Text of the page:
The Mutemath concert was indeed on the 24th, and after parking a zillion blocks away, I joined the crowd of slightly nervous freshmen around the stage.  I don’t feel very far removed from college at all, but as I realized that I was about eight years older than most of the masses around me, I felt like the interloper at the kids’ table.  I went alone, which actually probably helped me to blend in better; a lot of the freshmen clearly didn’t really know anyone yet, so we all stood awkwardly by ourselves, bobbing our heads to the music.  For a free concert, the show was great–but if I’d paid a lot of money, I would’ve been sad.  The vocals were almost inaudible over the drums during some songs.  It was still a fun experience, even if one over-bold, socially inept freshman did start playing with my hair halfway through the concert (what the heck, dude?).

On Thursday we had a long, LONG overdue reunion of the Literary League, complete with tiramisu ice cream, chocolate, tea, and blueberries.  We didn’t read any selections–it had been so long since we got together, we mostly just needed to catch up–but we did talk extensively about books and writing.  We need more of the same, and soon!

Over the long weekend, I’m going to spend time with family and friends in the Charlotte area.  I hope you have a similarly good Labor Day!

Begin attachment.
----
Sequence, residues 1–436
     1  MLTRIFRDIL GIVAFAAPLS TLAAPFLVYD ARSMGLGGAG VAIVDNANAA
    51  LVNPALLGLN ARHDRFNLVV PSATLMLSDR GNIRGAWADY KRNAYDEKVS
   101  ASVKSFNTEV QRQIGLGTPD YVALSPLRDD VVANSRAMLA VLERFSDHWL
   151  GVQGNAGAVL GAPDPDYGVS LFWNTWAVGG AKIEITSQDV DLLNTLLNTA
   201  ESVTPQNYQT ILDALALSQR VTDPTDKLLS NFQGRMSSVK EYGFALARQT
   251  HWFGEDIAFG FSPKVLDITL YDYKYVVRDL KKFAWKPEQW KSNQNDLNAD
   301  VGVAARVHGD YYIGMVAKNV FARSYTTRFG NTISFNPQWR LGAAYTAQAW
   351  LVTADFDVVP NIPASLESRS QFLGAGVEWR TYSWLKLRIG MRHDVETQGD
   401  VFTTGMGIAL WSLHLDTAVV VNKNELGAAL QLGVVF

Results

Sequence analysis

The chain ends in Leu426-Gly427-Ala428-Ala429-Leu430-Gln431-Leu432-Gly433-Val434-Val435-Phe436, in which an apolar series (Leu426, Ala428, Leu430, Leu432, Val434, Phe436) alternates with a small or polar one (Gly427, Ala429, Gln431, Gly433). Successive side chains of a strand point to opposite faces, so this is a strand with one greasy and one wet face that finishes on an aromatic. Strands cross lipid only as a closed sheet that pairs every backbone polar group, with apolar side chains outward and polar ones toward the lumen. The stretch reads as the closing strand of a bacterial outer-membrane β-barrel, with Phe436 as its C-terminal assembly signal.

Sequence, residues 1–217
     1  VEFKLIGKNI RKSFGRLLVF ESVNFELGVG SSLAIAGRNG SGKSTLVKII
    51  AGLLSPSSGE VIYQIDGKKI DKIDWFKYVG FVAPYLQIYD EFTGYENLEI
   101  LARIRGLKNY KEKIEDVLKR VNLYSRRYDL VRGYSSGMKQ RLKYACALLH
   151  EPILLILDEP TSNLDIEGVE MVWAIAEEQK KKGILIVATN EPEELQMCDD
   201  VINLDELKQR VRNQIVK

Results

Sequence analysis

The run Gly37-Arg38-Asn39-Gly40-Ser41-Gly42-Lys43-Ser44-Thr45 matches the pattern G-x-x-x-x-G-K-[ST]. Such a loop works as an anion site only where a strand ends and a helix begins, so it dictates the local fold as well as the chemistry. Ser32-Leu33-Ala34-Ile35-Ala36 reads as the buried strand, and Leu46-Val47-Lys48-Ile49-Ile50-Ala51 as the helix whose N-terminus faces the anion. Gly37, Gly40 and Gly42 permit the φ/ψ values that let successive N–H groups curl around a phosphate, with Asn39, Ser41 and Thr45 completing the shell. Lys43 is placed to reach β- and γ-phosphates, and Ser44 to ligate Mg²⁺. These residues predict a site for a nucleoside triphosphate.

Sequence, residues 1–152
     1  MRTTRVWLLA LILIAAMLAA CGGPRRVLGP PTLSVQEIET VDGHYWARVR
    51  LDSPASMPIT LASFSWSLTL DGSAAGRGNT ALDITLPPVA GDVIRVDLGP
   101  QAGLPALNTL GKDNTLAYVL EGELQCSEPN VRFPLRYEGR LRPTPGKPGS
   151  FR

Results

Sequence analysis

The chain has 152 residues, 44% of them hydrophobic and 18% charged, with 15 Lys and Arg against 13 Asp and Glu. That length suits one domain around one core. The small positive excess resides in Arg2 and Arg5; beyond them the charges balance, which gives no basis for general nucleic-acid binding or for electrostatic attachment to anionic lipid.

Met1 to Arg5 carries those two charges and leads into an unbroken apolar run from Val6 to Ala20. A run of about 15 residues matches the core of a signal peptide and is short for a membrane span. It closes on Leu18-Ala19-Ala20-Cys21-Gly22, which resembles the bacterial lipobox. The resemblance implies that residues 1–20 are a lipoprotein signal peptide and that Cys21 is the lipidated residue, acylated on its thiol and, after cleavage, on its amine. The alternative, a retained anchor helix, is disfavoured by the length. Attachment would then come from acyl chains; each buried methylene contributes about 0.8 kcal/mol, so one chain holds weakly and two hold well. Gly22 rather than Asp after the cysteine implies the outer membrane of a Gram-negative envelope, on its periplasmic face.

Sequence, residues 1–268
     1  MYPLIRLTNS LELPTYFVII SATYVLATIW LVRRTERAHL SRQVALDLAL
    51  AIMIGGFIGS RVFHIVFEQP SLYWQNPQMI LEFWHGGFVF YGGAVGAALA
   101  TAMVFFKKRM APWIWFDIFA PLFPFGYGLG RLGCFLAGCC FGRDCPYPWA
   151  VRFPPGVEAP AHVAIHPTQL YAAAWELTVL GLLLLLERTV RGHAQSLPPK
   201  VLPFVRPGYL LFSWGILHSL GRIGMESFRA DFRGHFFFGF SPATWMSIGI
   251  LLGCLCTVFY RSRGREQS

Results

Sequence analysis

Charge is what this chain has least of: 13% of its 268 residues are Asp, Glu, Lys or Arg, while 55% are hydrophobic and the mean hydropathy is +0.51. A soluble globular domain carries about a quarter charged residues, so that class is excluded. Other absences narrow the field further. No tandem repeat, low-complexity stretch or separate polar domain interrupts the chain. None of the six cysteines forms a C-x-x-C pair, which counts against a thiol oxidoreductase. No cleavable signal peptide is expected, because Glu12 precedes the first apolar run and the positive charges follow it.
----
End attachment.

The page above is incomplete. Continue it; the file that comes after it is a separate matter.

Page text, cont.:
Hilarity:

Know this:

Literature:

Music:

Books: I’m just finishing up Sailing to Sarantium by Guy Gavriel Kay, first in his Sarantine Mosaic duology.  (I think I may always use “duology” from now on to describe a book and its sequel, what a neat word.)  Historical fantasy as a genre might as well have been created for me; it basically consists of everything I love.  Kay is a wonder at making historical time periods come to life and then subtly, surprisingly working bits of fantasy into them.  This duology takes place in the equivalent of the Byzantine Empire, and it is a feast for a history fan.  As I read along, things feel familiar, and it’s great fun to match up fictional characters with their historical counterparts.  I realized, for example, that one of the characters is essentially the Emperor Justinian.  “But if he’s Justinian, that means she’s…ooo, I get it.”  Suffice it to say, I’m madly in love with Sarantium and will need to dig up the next book posthaste.

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